|Jinny has been very ill and is currently undergoing rehabilitation so she will not be writing her article for awhile. She is making excellent progress and hopes to be able to return to writing her column in the near future... Adele.
I spent last week up on very high ladders painting the outside of a building. I have no fear of heights, but being up on a ladder is different than being 30,000 ft strapped into an airline seat looking down on the plains of Iowa or 102 stories up in the glass encased observation tower of the Empire State Building gazing over Manhattan. When you climb up a tall ladder carrying a paint can and brush, it seems as if you are climbing forever. When you look down, you realize that one little misstep will hurdle you down to a parking lot where you will probably break every bone in your body. If you are painting a wide area you are usually able to lean on the building to steady yourself as you paint. If you are painting trim, as I was, leaning on it is not an option. If you are painting over your head you have a tendency to lean slightly backwards, clinging to the ladder just in case you are leaning back farther than you think you are. I wasn't afraid, but I won't lie and tell you I was comfortable.
The worst moment was when I had to use the ladder that extends independently on either side for stairs. I refer to this as the 'ladder of death'. Even though it makes perfect sense and is obviously well constructed, there is something wrong about a ladder that is on a staircase. The whole time I was on it I could hear my mother's voice telling me not to touch a hot stove, not to stick anything in an electric outlet, and not to put a ladder on a staircase and climb it.
I've worked on scaffolding before on a staircase when I helped restore antique hand painted wallpaper. I was a lot more comfortable that time. For one thing, scaffolding is wider and there was a nice, friendly rail behind me. We were pretty high up, 12 or 14 ft, but I was never worried about it. I had a cotton glove up to my elbow on my left hand so I could lean against the wall and steady myself while painting detail without damaging anything. I never even thought about being way high up in the air on a staircase. Just goes to show you how powerful the illusion of safety can be. If I had fallen off of that scaffolding I would have bashed my brains out on a marble staircase.
There is a guy I work with who is terrified of heights but has been on scaffolding and ladders far higher than I have ever been on, despite his fear. I find this terribly brave and really admire him for it. I have spent my life determined to conquer any fear that have, and have forced myself to go to auditions, tackle interviews, jump from a plane, and fondle snakes, all to that end. I know that doing things in the face of real fear is not easy and requires an incredible amount of focus and calm. After he had set up the ladder of death for me he climbed it himself to make sure it was steady and safe, and he did it without shaking, babbling incoherently, breaking into a sweat, or crying like a little girl. I was grateful and impressed.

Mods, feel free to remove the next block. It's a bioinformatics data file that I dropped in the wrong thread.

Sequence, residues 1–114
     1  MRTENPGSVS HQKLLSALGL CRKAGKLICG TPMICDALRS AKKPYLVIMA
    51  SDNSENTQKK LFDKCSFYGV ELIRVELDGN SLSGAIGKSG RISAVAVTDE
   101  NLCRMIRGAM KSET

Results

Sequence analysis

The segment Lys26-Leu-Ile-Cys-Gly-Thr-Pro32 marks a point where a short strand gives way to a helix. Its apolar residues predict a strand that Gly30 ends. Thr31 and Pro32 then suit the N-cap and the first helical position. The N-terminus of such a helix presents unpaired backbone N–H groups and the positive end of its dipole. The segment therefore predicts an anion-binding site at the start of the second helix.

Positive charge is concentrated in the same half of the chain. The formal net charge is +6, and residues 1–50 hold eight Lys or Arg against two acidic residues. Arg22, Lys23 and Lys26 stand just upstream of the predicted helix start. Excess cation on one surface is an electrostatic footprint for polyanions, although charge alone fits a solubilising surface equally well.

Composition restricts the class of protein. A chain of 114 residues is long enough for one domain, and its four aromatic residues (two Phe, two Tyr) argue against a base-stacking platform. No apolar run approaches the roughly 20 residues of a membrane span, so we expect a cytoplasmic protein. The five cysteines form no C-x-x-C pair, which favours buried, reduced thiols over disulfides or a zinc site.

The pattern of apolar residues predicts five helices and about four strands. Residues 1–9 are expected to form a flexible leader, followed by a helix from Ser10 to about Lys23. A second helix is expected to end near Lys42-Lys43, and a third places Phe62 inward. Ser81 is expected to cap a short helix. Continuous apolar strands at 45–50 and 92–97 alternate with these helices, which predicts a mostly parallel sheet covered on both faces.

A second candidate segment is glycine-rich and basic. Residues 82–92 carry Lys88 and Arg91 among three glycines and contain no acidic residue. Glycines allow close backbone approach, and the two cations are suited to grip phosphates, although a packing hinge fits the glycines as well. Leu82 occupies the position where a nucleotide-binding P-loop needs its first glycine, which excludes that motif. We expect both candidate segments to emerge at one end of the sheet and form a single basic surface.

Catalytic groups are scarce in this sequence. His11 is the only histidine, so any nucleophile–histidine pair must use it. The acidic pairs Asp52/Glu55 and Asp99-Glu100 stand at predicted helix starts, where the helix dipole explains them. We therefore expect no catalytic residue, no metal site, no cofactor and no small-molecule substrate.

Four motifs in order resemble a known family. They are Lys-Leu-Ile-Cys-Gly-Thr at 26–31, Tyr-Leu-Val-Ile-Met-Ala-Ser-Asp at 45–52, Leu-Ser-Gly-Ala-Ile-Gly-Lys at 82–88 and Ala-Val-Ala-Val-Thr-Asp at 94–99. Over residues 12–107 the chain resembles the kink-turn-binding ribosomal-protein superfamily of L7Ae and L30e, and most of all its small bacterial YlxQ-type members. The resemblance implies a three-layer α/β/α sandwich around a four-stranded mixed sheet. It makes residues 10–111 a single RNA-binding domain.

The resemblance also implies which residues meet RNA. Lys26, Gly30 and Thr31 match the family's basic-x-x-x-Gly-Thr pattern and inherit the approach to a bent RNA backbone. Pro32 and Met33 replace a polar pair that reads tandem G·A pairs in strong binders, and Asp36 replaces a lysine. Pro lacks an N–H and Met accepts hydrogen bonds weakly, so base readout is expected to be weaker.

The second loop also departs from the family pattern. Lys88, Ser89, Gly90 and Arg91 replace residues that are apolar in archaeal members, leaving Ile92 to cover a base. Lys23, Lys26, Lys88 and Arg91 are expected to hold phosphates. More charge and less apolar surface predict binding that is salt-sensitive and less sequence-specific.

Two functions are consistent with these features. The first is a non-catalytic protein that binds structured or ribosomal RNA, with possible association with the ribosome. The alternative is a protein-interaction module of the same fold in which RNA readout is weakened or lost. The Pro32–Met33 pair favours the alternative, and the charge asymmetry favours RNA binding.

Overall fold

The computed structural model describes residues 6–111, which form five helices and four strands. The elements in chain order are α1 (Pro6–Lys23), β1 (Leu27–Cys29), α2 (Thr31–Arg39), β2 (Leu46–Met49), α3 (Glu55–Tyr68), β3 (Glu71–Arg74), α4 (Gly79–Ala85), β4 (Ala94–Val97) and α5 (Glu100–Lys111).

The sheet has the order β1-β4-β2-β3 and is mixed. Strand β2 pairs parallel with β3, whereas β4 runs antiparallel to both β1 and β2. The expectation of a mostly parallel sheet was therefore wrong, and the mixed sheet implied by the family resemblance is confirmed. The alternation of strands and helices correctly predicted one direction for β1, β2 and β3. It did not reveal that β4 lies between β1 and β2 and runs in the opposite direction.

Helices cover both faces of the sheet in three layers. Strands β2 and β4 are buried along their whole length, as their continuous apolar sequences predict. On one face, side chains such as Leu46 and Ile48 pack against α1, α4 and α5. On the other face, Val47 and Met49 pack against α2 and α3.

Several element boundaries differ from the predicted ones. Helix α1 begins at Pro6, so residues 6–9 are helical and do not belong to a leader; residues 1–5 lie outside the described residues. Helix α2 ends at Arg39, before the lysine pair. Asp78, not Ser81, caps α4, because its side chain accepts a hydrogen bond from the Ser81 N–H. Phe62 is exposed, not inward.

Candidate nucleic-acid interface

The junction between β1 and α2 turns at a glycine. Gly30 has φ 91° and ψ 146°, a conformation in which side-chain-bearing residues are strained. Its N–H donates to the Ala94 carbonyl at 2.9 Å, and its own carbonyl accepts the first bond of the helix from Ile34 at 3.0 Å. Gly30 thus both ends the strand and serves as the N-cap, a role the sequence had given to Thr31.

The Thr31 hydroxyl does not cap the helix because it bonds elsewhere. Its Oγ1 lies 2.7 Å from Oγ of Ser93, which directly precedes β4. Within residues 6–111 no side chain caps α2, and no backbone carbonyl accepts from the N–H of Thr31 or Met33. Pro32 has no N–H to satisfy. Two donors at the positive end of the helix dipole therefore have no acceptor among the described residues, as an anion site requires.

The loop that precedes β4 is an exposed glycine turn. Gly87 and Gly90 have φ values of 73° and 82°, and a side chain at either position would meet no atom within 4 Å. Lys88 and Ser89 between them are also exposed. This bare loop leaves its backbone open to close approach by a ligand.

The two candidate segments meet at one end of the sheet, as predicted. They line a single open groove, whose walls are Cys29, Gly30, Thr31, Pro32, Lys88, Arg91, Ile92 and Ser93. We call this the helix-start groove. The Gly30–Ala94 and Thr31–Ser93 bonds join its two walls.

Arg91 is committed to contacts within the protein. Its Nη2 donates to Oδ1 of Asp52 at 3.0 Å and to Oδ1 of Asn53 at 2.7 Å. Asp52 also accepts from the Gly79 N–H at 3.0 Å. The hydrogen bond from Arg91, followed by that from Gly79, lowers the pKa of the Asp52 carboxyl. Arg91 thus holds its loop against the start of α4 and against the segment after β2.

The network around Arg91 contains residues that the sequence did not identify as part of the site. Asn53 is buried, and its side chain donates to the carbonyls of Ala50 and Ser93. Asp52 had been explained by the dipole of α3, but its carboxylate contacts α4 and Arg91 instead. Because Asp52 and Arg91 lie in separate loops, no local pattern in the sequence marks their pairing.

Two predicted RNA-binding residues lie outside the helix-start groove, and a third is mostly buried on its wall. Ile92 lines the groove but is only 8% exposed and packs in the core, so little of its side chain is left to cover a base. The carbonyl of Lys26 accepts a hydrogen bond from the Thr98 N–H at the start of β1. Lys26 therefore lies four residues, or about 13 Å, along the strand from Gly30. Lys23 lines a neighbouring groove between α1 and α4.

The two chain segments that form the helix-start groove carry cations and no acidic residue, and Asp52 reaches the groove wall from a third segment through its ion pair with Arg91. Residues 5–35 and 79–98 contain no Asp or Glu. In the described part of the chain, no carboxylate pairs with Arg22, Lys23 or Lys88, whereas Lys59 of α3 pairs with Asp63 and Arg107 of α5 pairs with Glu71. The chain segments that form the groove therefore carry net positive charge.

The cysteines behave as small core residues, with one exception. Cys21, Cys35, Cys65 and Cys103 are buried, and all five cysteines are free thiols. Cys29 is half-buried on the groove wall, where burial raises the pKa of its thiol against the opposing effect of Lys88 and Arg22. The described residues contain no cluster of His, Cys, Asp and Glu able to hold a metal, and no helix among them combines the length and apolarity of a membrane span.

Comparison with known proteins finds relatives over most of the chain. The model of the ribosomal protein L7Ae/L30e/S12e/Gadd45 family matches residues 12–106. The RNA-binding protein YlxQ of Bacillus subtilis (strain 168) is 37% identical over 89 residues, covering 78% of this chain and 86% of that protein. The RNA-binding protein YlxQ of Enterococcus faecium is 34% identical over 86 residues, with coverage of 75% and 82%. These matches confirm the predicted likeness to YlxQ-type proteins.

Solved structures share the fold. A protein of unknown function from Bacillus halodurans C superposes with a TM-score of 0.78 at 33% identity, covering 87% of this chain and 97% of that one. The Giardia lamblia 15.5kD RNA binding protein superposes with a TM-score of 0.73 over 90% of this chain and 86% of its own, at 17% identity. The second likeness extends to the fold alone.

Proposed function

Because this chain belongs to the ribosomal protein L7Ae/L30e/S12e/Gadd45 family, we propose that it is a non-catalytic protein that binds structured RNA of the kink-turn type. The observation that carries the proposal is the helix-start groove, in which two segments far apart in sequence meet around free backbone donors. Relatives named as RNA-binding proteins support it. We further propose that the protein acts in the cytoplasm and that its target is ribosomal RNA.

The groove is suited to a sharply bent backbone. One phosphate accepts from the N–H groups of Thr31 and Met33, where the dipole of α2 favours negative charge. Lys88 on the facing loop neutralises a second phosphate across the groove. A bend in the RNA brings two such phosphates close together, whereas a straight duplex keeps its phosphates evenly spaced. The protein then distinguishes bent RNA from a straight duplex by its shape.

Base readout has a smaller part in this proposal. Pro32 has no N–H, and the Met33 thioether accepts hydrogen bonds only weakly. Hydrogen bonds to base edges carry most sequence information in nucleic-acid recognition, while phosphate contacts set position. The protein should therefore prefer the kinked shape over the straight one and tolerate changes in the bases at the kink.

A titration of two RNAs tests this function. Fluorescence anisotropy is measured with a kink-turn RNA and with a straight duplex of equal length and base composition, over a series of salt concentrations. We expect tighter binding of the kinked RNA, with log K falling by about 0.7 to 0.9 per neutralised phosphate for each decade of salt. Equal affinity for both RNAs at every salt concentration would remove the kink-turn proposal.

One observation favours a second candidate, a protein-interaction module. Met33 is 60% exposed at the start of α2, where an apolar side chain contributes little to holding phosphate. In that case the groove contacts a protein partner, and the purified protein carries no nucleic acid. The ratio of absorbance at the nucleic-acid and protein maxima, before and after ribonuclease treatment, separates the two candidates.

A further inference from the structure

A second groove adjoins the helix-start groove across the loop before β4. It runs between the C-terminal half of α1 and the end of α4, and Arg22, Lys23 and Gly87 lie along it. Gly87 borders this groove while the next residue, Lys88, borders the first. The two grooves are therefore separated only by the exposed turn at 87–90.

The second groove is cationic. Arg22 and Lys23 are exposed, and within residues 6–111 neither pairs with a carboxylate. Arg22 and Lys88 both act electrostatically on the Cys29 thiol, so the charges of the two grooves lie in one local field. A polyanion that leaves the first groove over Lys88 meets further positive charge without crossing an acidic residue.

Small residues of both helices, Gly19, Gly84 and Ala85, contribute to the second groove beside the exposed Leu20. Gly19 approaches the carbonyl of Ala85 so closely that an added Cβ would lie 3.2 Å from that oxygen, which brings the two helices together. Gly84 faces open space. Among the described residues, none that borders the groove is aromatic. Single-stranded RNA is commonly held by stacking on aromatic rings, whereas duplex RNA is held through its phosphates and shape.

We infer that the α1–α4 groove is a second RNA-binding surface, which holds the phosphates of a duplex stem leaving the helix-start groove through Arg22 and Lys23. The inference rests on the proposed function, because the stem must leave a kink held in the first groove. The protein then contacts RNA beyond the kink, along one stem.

The worst part about being on a really high ladder is the fact that you have to climb up and down it what feels like a thousand times in order to move it from point A to point B. I'm a tiny person with a limited reach so I had to move it fairly frequently. You can keep your expensive gym and stairmaster, try climbing up and down a tall ladder all day. I was painfully aware of the workout I got the next morning when I woke up.
I am the kind of person who groans at the thought of a systematic workout or going to a gym and sweating alongside a bunch of people I don't know. On the other hand, if you were to ask me to help you plant trees, stack firewood, shingle a roof, or hike 10 miles, I would do it without hesitation. Working out strikes me as a deadly bore, but hard physical work doesn't bother me one bit. I'm not entirely certain why that is, but I think that it probably has to do with being productive and actually accomplishing something that you can look at and feel good about. I realize that some people feel that way about their own bodies, but I like to feel good about something that I can see that isn't about me. If I can stand back and look at that excellent paint job, that beautiful tree, that neatly stacked wood, or that gorgeous flower bed, it is all worth it. If I can stand and look at an awe inspiring view after a 10 mile hike, the blisters and sore muscles are worth it. It's all how you look at it, I guess. Either that or I'm just really stupid.
Just to show you how truly crazy I am, after spending a week climbing on ladders and scraping and painting trim, I spent the weekend lying on the ground on my back undercoating my car, touching up scratches on the finish, washing and waxing it for the winter, and on my feet for 3 hours cooking meals to freeze for my Mom. I also crocheted a scarf for my daughter. Thankfully, no one asked me to go on a 10 mile hike. The Energizer Bunny may keep going and going...but he looks a whole lot better than I did at the end of my week.